Wednesday, April 29, 2009

The Chilly Double-Header

It was cold in the Cell last night. More than a few times the mercury dipped below 37. The previous night's game had been rained out, and Nicole was unable to join me for Tuesday afternoon, so I spent a good portion of the day down at the ball park by myself and despite the weather and the solitude, it was a fun evening.

I only caught the last 4 innings of Game 1, which ended up being a big disappointment as our replacement fifth starter did an amazing job of holding Chicago to just two hits over eight innings, but the Sox turned those hits into runs and Seattle couldn't put up more than one run to support their pitcher. Griffey hit a deep ball to right center that suffered an ill timed change in the wind--most nights that ball would have been an easy homer, but it bounced off the center field wall and he was stranded at 2nd base with no one behind him to hit him in. It was the kind of game exemplary of Seattle's strengths and weaknesses this season: excellent pitching and defense, not enough hitting through the lineup.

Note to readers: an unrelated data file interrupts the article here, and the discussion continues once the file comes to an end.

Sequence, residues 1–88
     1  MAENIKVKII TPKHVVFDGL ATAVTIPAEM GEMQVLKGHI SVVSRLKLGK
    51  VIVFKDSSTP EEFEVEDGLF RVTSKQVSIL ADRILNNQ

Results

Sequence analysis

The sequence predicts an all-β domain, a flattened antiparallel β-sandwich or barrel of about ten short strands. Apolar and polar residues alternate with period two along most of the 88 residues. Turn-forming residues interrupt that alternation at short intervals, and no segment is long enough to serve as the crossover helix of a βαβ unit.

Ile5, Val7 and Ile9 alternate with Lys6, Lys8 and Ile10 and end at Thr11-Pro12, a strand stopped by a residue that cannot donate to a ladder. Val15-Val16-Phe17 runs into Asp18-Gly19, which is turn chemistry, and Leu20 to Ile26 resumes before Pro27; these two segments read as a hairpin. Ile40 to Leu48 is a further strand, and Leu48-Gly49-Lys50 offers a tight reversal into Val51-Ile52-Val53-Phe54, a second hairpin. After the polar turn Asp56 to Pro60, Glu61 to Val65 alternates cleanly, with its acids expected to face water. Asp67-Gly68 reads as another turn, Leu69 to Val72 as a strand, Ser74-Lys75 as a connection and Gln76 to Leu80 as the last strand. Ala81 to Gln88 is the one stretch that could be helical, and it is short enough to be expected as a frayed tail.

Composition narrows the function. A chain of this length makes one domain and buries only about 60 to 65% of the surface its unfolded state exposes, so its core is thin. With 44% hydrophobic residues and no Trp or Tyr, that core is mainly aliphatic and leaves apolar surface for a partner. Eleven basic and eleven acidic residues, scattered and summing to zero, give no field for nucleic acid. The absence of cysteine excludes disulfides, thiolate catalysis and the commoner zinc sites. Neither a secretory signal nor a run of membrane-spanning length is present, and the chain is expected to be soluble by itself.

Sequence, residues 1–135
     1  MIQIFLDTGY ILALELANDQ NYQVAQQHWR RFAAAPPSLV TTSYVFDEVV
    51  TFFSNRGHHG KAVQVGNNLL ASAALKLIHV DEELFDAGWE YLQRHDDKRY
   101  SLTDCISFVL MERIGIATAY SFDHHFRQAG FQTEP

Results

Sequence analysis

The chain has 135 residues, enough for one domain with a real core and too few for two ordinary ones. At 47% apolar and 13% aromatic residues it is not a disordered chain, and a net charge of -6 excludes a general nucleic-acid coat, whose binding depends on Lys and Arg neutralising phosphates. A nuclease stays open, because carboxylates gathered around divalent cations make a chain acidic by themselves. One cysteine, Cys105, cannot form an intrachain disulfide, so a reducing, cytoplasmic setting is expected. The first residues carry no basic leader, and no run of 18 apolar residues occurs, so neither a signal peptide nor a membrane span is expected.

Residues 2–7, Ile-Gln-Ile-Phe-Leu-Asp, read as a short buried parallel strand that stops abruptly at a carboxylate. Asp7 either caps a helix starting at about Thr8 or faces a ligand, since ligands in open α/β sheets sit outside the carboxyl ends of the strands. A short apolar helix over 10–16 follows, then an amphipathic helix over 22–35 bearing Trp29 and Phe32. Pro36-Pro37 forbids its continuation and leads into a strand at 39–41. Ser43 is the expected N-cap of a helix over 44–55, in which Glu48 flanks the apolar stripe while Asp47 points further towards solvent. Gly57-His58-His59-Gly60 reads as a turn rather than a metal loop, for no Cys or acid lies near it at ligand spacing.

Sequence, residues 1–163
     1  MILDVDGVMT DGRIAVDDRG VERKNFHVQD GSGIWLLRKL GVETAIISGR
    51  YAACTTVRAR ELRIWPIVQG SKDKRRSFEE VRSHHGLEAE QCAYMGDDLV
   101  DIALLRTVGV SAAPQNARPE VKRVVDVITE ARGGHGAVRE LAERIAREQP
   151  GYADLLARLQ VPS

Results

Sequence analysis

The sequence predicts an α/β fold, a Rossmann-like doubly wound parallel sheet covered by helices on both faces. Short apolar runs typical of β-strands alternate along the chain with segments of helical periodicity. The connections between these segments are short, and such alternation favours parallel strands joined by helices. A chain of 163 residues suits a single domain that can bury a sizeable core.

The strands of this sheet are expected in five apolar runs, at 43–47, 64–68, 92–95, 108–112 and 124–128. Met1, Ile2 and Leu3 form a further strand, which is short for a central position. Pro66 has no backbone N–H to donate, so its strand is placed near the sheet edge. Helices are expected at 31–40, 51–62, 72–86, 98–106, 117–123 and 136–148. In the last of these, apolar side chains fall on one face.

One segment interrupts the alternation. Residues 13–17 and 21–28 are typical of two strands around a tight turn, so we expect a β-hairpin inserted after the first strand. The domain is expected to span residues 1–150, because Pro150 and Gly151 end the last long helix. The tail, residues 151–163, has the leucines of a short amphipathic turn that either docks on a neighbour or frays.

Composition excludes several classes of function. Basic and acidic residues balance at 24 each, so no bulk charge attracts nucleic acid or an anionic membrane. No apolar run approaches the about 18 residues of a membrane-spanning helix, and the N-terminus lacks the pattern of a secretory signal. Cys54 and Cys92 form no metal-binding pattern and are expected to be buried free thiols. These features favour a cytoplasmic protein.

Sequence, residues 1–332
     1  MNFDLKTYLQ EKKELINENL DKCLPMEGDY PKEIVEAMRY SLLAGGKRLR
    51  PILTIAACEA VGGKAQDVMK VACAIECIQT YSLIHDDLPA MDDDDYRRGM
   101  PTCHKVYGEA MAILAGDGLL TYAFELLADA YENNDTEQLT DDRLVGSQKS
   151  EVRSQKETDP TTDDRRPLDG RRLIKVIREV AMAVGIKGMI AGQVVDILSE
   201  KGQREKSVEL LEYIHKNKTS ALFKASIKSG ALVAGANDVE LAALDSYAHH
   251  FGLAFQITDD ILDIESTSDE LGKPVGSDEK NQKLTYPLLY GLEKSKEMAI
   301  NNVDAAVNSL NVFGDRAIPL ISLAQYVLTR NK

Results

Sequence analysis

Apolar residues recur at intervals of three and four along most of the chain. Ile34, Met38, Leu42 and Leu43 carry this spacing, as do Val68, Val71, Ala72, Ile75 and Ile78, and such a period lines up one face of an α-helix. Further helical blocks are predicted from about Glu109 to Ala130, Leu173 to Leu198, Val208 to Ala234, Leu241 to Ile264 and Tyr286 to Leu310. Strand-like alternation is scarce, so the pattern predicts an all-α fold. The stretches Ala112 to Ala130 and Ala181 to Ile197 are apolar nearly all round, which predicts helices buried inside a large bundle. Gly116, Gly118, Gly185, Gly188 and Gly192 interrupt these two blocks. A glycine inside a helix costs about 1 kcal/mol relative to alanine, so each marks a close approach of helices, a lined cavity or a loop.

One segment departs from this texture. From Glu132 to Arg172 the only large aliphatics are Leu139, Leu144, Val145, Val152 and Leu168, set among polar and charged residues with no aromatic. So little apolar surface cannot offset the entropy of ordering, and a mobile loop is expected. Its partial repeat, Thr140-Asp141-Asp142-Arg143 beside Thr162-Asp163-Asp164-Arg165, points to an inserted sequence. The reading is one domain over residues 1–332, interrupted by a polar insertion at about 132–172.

During the brief intermission between games I stood in the front row and watched "King Felix" warm up for what I expected to be another pitchers duel between Hernandez and Sox Ace John Danks. I was joined in the front row by a couple of men who were also taking pictures and admiring the M's pitcher, so I struck up a conversation with them about the Mariners and Felix Hernandez. They were visiting Chicago from Venezuela for some conference, so in my broken Spanish and their broken English we talked about the great Venezuelan players on the Mariners and throughout MLB.